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Air pollution attributed to at least 150 Covid-19 deaths in Ireland – study

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At least 150 Covid-19 deaths in Ireland are attributable to long-term exposure to air pollution, according to a new study.

About 15 per cent of all virus deaths globally, and 19 per cent in Europe, are linked in the modelling study to air pollution resulting from human activity.

In Ireland, it is estimated that 8 per cent of Covid-19 deaths are linked to air pollution, of which three-quarters is pollution caused by fossil fuels.

This is the proportion of virus deaths that could be avoided if Irish people were exposed to lower air pollution levels, according to the mostly German team of researchers.

While not proposing a direct cause and effect relationship between air pollution and Covid-19, they say air pollution may aggravate other health conditions and lead to “fatal health outcomes” of the virus infection.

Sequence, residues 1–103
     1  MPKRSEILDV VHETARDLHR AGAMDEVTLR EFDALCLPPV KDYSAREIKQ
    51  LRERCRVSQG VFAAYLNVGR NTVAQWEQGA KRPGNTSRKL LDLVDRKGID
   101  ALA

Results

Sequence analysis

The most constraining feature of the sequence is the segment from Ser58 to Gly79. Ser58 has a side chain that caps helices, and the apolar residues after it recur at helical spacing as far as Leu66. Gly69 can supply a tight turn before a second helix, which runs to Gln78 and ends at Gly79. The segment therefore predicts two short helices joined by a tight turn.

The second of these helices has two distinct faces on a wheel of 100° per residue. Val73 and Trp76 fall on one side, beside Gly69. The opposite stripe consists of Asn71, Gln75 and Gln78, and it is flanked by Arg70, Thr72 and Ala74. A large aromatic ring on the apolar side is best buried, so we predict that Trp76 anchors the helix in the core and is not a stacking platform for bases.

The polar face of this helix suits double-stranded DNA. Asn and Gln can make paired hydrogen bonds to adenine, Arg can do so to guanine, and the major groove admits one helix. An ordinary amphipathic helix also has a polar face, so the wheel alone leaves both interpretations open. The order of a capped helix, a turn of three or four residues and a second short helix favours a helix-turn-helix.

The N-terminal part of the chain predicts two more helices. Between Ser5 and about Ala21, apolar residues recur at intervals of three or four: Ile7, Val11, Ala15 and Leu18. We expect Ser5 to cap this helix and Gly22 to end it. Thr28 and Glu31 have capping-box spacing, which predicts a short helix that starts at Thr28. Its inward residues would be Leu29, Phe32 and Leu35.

When people inhale polluted air, small particles migrate from the lungs to the blood vessels, causing inflammation, according to Prof Thomas Münzel of Mainz University. This causes damage to the inner lining of arteries, leading to their narrowing and stiffening. Covid-19 causes similar damage.

“If both long-term exposure to air pollution and infection with the Covid-19 virus come together then we have an additive adverse effect on health, particularly with respect to the heart and blood vessels, which leads to greater vulnerability and less resilience to Covid-19,” Prof Münzel said.

“If you already have heart disease, then air pollution and coronavirus infection will cause trouble that can lead to heart attacks, heart failure and stroke.”

‘Super-spreading’ events

Referring to previous work that suggests fine particulates in air pollution may prolong the life of infectious viruses, the authors suggest particulate matter plays a role in “super-spreading” events by favouring transmission of the virus.

According to the study, published in Cardiovascular Research journal, the contribution of air pollution to Covid-19 deaths varies from 29 per cent in the Czech Republic and 27 per cent in China to 1 per cent in New Zealand.

The authors say their work shows the question for effective policies to reduce man-made emissions needs to be accelerated. “The pandemic ends with the vaccination of the population or with herd immunity through extensive infection of the population. However, there are no vaccines against poor air quality and climate change. The remedy is to mitigate emissions.”

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